He Who has created all things in the best possible way. He commenced the creation of man from clay; then produced his seed from an extract of base fluid; then formed him and breathed His Spirit into him and gave you hearing, sight and hearts. What little thanks you show! (Surat as-Sajdah: 7-9)
Since a person is not a heap of matter but a "spirit", who presents, or to put it more accurately "creates" and presents, the collection of perceptions called "matter" to our spirits?
Another astonishing fact is that, apart from colours, odours, tastes and voices, "width" and "distance" are also perceived in the brain. As mentioned above, all perceptions of the room we are in, for instance, are transformed into electrical signals and transmitted to our brains. The sensations transmitted to the brain are interpreted as the image of the room. In other words, you are, in truth, not inside the room you assume you are in; on the contrary, the room is inside you. The location of the room remains in the brain, or rather let us say, the location in which it is perceived in the brain is a tiny, dark and quiet spot. However, the vast landscapes you see on the horizon somehow also fit into this tiny spot. You perceive both the room you are in and the vast landscape in the same place. Maybe this is something you have never thought about until today. Yet, now you have been reminded of it. So, never plead ignorance that, just like concepts such as distance and width, vast landscapes and narrow rooms are also inside you.
The answer to this question is explicit: Allah, Who "breathes" His spirit into human beings, is the creator of everything surrounding us. The only source of these perceptions is Allah. Nothing exists but what He creates. In the following verse, Allah relates that He perpetually creates everything and that otherwise, nothing will continue to exist:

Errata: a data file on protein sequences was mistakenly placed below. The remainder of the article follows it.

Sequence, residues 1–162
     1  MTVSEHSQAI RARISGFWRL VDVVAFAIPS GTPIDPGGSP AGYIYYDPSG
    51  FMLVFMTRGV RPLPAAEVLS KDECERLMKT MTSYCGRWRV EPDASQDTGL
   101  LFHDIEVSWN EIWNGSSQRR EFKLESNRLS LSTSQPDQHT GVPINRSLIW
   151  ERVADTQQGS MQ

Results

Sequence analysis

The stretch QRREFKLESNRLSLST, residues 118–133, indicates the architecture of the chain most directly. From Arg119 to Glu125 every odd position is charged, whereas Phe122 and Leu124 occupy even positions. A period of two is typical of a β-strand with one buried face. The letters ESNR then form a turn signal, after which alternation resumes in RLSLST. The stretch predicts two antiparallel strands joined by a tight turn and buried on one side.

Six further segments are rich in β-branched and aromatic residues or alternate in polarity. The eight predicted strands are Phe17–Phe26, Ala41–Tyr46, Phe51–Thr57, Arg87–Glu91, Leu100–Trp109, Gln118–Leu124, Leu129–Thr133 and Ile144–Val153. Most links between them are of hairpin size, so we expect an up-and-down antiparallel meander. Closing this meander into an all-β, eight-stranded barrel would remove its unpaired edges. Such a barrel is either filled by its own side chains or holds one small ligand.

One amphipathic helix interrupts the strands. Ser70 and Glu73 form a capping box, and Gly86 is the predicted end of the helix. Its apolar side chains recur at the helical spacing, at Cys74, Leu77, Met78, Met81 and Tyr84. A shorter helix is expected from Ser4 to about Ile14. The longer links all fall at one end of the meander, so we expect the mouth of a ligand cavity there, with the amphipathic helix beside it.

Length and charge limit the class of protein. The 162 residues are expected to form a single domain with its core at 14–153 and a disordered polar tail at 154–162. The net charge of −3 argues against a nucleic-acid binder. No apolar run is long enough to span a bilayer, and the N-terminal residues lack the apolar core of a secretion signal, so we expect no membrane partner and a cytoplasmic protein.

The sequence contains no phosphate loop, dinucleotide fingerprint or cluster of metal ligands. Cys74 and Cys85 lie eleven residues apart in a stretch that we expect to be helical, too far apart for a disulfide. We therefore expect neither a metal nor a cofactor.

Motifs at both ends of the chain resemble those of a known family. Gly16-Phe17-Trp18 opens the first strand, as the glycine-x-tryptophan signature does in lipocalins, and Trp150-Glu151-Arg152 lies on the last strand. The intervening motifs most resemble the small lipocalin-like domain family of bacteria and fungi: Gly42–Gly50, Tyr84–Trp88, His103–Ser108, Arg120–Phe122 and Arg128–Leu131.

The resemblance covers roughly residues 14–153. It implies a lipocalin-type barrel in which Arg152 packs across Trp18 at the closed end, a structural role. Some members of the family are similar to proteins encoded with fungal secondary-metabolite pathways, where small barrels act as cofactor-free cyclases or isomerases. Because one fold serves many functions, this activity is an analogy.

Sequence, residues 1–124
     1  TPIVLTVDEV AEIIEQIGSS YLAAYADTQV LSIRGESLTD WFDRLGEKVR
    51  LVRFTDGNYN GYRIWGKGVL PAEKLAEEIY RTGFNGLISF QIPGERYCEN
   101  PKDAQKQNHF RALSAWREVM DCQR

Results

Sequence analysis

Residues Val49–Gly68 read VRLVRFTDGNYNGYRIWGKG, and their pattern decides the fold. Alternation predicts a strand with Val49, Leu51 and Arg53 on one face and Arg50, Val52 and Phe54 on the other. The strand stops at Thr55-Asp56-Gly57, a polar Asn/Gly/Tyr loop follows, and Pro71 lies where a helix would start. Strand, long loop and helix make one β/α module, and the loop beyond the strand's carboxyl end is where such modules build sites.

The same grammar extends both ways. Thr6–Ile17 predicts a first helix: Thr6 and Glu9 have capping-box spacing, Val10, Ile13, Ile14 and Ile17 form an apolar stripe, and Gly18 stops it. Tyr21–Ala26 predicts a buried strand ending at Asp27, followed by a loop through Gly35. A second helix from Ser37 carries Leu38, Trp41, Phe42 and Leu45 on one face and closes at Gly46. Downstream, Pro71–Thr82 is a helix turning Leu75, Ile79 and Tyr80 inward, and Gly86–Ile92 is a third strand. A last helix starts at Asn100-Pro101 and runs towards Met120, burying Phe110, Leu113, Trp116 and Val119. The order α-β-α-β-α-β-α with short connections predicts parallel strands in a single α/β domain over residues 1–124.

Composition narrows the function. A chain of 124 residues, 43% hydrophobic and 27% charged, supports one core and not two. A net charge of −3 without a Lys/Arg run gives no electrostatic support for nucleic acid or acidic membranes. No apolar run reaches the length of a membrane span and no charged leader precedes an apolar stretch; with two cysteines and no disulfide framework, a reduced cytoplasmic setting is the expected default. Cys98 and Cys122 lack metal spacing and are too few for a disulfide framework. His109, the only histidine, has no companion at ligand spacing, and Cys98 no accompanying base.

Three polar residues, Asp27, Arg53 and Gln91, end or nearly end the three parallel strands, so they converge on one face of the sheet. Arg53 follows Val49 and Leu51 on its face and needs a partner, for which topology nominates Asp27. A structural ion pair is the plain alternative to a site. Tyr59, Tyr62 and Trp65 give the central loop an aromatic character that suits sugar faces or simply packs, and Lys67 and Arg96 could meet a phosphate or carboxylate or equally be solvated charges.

Allah keeps a firm hold on the heavens and the earth, preventing them from vanishing away. And if they vanished no one could then keep hold of them. Certainly He is Most Forbearing, Ever-Forgiving. (Surah Fatir: 41)
As a result of the steady conditioning, some people are exposed to from the time they are born, they may be unwilling to accept this fact. Yet, no matter how they avoid hearing or seeing it, this is an OBVIOUS fact. All the images shown man remain only creations of Allah. Moreover, not only the external world but also all the actions one claims as one's own happen only by the will of Allah. Any action independent and separate from the will of Allah is out of question. Allah draws attention to this fact in the Qur'an as follows:
… Allah created both you and what you do. (Surat as-Saffat: 96)
… you did not throw when you threw; it was Allah who threw (Surat al-Anfal: 17)
In truth, every individual is enclosed within his own image that is presented to him by his senses. Everyone has his own world. In this world, it is unlikely for anyone to know what others experience or see. Furthermore, one can never know if others see anything or not. That is because, like every other thing, people too are images perceived within his world (brain). This is actually the most important secret of your life.
As a result of all these we understand that the only absolute being is Allah. There is nothing but Him. He encompasses everything in the heavens, earth and everything in between. Allah relates in the Qur'an that He is everywhere and that He encompasses all things:
What! Are they in doubt about the meeting with their Lord? What! Does He not encompass all things! (Surah Fussilat: 54)
Both East and West belong to Allah, so whereever you turn, the Face of Allah is there. Allah is All-Encompassing, All-Knowing. (Surat al-Baqarah: 115)
What is in the heavens and in the earth belongs to Allah. Allah encompasses all things.(Surat an-Nisa: 126)
When We said to you, "Surely your Lord encompasses the people with His knowledge." (Surat al-Isra: 60)
Allah, there is no god but Him, the Living, the Self-Sustaining. He is not subject to drowsiness or sleep. Everything in the heavens and the earth belongs to Him. Who can intercede with Him except by His permission? He knows what is before them and what is behind them but they cannot grasp any of His knowledge save what He wills. His Footstool encompasses the heavens and the earth and their preservation does not tire Him. He is the Most High, the Magnificient. (Surat al-Baqarah: 255)
You must never plead ignorance of the fact that Allah encompasses you and He is with you every moment in at every place and that He witnesses everything you do and He is nearer to man than his jugular vein.